FBI: Plastic Explosive Used in Cole Bombing

ByMichael J. Sniffen

W A S H I N G T O N, Nov. 1, 2000 -- FBI laboratory tests have concluded that C-4, a military-style plastic explosive, was used in the attack on theUSS Cole in Yemen, a federal law enforcement official saidtoday.

And in another development in the investigation, U.S. and Yemeninegotiators were near an agreement that would let FBI agents inYemen observe interviews with suspects and witnesses and submitquestions, but they could not participate directly in questioning,said the official, who requested anonymity.

President Clinton,Secretary of State Madeleine Albright and FBI Director Louis Freehhad appealed to Yemen’s leaders to allow joint questioning.

Two former counterterrorism officials said the use of C-4 in theattack that killed 17 U.S. sailors suggested at least that anorganized group was behind the attack. One of them said it raisedthe possibility of state support but fell short of conclusivelyindicating some government sponsored the attack.

C-4 is a plastic explosive developed for the U.S. military inthe Vietnam era. “It lasts forever. It doesn’t deteriorate,” saidVince Cannistraro, a former CIA counterterrorism expert.

Used During Persian Gulf War

The explosive is made for military use in the United States andin at least several NATO nations. It is not available on the openmarket, like the fuel oil and fertilizer used to make the bomb thatdestroyed a federal building in Oklahoma City.

Although the C-4 formula is not a secret, one former U.S.military counterterrorism expert said, “C-4 is not used inindustrial blasting. It usually comes from a military source.”

“Organized criminal groups have stolen C-4,” this formermilitary official said, speaking on condition of anonymity. “Itrequires some amount of organization to do that. But it doesn’trequire government-level support to get it.”

Cannistraro said C-4 has been included in U.S. military sales toSaudi Arabia, Kuwait and even to Iran while the shah was still inpower. The U.S. military used it during the Persian Gulf war.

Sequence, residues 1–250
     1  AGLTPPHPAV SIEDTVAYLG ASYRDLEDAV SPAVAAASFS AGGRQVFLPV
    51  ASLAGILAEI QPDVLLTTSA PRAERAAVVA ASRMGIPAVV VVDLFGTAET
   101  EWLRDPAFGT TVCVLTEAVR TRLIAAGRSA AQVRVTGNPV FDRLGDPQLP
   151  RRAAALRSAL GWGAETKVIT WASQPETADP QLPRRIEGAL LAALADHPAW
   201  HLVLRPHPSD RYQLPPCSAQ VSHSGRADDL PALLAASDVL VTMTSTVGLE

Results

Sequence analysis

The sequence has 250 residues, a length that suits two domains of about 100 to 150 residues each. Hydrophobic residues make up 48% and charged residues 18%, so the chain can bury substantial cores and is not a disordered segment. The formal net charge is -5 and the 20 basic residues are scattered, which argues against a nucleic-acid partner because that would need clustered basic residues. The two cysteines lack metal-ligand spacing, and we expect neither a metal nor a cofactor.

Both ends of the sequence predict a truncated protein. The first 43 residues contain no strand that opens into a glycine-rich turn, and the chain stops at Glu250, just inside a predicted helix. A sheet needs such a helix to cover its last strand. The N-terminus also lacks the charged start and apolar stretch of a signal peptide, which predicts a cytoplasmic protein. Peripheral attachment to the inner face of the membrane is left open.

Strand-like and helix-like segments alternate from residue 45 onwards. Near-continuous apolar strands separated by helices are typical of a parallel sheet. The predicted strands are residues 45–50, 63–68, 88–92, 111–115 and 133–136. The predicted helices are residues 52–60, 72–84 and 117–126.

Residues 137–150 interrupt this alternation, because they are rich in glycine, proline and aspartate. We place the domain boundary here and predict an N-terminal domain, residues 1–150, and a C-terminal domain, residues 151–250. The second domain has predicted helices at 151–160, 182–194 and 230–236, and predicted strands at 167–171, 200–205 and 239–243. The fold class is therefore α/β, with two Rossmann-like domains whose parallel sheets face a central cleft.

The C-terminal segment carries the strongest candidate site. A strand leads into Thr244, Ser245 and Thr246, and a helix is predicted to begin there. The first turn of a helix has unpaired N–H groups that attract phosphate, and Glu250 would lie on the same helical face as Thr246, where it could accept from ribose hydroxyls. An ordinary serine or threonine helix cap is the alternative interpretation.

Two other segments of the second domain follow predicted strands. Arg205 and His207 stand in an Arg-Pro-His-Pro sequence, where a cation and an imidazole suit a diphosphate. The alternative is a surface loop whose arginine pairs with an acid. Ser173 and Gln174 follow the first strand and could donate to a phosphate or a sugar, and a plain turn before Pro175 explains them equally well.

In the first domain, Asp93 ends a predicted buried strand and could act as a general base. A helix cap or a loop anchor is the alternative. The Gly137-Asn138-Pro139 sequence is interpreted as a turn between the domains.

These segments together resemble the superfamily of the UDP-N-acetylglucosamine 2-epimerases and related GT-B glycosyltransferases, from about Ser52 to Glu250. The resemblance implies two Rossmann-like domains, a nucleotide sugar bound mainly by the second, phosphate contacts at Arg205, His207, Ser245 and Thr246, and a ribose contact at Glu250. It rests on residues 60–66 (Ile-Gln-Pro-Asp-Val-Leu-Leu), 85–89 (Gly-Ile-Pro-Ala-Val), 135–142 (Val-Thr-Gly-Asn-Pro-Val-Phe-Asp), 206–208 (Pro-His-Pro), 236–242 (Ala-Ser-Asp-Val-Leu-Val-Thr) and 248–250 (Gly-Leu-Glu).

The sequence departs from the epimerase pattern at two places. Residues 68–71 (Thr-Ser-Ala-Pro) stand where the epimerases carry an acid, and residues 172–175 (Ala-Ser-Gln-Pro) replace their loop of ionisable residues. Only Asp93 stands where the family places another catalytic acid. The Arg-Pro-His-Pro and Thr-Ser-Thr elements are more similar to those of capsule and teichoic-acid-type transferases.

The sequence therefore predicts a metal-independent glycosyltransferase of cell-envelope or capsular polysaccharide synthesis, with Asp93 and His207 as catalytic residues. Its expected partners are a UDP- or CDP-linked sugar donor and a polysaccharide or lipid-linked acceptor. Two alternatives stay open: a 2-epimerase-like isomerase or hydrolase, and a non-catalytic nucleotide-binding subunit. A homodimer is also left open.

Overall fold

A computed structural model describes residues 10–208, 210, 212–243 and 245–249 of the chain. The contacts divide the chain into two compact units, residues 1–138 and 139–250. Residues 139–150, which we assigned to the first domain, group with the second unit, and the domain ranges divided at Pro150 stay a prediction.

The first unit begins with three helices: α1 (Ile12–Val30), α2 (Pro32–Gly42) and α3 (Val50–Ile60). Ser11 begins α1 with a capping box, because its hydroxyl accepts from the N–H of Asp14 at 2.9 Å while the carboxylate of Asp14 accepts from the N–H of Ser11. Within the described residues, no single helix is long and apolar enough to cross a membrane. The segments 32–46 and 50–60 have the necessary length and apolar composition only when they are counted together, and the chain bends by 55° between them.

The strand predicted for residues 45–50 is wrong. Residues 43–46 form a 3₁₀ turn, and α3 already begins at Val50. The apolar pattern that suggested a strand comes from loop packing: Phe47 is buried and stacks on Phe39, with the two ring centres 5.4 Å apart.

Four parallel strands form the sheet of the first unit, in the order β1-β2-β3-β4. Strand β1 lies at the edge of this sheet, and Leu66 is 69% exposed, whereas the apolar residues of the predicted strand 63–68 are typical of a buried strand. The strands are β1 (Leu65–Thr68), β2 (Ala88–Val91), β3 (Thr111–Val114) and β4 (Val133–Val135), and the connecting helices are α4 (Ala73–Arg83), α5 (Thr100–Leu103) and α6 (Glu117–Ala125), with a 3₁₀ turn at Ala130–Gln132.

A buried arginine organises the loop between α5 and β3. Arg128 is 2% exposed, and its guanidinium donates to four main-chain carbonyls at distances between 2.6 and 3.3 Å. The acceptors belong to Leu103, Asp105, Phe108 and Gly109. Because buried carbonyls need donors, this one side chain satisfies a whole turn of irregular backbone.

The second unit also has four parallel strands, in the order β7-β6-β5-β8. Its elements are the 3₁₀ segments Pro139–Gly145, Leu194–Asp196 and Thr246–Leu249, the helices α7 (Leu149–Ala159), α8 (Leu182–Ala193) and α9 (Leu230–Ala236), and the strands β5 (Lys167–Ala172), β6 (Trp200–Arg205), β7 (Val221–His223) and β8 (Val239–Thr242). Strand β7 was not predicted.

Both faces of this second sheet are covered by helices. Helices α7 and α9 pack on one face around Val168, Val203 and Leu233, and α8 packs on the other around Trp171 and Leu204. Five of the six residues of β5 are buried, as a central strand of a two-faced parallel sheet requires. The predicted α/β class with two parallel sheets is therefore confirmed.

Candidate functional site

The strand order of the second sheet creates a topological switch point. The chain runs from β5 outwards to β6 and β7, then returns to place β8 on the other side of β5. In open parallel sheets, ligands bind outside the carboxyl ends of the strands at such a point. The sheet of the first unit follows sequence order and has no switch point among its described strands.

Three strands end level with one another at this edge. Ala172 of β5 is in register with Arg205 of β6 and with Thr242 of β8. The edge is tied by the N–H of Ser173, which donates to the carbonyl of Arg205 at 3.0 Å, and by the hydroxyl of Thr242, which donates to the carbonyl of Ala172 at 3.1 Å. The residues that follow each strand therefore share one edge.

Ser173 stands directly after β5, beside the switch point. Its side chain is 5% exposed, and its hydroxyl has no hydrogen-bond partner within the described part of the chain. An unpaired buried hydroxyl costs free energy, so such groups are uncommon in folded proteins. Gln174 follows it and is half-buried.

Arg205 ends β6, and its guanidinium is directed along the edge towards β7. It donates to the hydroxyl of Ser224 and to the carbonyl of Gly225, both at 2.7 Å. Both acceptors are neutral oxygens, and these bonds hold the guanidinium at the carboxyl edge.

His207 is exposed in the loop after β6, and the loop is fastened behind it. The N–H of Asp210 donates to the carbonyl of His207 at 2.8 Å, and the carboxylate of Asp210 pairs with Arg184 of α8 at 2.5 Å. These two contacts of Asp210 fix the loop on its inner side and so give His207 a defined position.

Renegade ex-CIA agent Edwin Wilson was convicted of shipping 21tons of it about two decades ago to Libya for use in what the U.S.government said was a school for terrorists he set up there.

“C-4 can be stolen, but it’s not easily obtainable by smallgroups,” Cannistraro said. He said he had been told that between400 and 700 pounds of the C-4 was used to blast a 40-by-40-foothole in the Cole’s armored hull.

Not Tied to Specific Groups“That possibly points in the direction of some state support,because that’s a lot to steal,” Cannistraro said. But he saidfurther evidence of that would depend in part on whether the FBIlab could use the residues left by the blast to determine the exactchemical formulation of the C-4 used in the blast and thus traceits manufacture to one particular country.

Cannistraro said the use of C-4 did not point to any particularterrorist group. Osama bin Laden, the millionaire Saudi exile whohas been charged by U.S. prosecutors with masterminding the bombingof U.S. embassies in Tanzania and Kenya, did not use C-4 there,Cannistraro said. “They used RDX detonators there, but not RDXexplosives.” RDX is a component of C-4 and other explosives.

Nevertheless, Secretary of Defense William Cohen said Monday,“We are looking very closely at Osama bin Laden to see whether ornot he in fact, or organizations he supports, are in some wayconnected” to the Cole attack.

Meantime, the crippled Cole has been lifted onto the deck of aspecialized transport ship, the Blue Marlin, which has beguncarrying the destroyer back to the United States, the Navy saidWednesday.

The Navy also said the remaining 217 members of the crew of theCole will return by plane to Norfolk Naval Station in Virginia onFriday. Most of them will go on leave and later return to theirCole detachment in Norfolk.

Some sailors from Norfolk volunteered to fly out to stay onboard the Cole as it journeys back to the United States, enablingthe entire Cole crew to come home, Pentagon officials saidWednesday. Some U.S. engineers and other technical experts alsowere on board to assess the damage.

For two weeks after the bombing, the Cole crew remained aboard,keeping the crippled ship stable in Aden harbor, recovering bodiesand preparing it for the journey back to the United States.

The Cole is not expected back until early December. It mostlikely will return to Norfolk, but the Navy said no final decisionhad been made.

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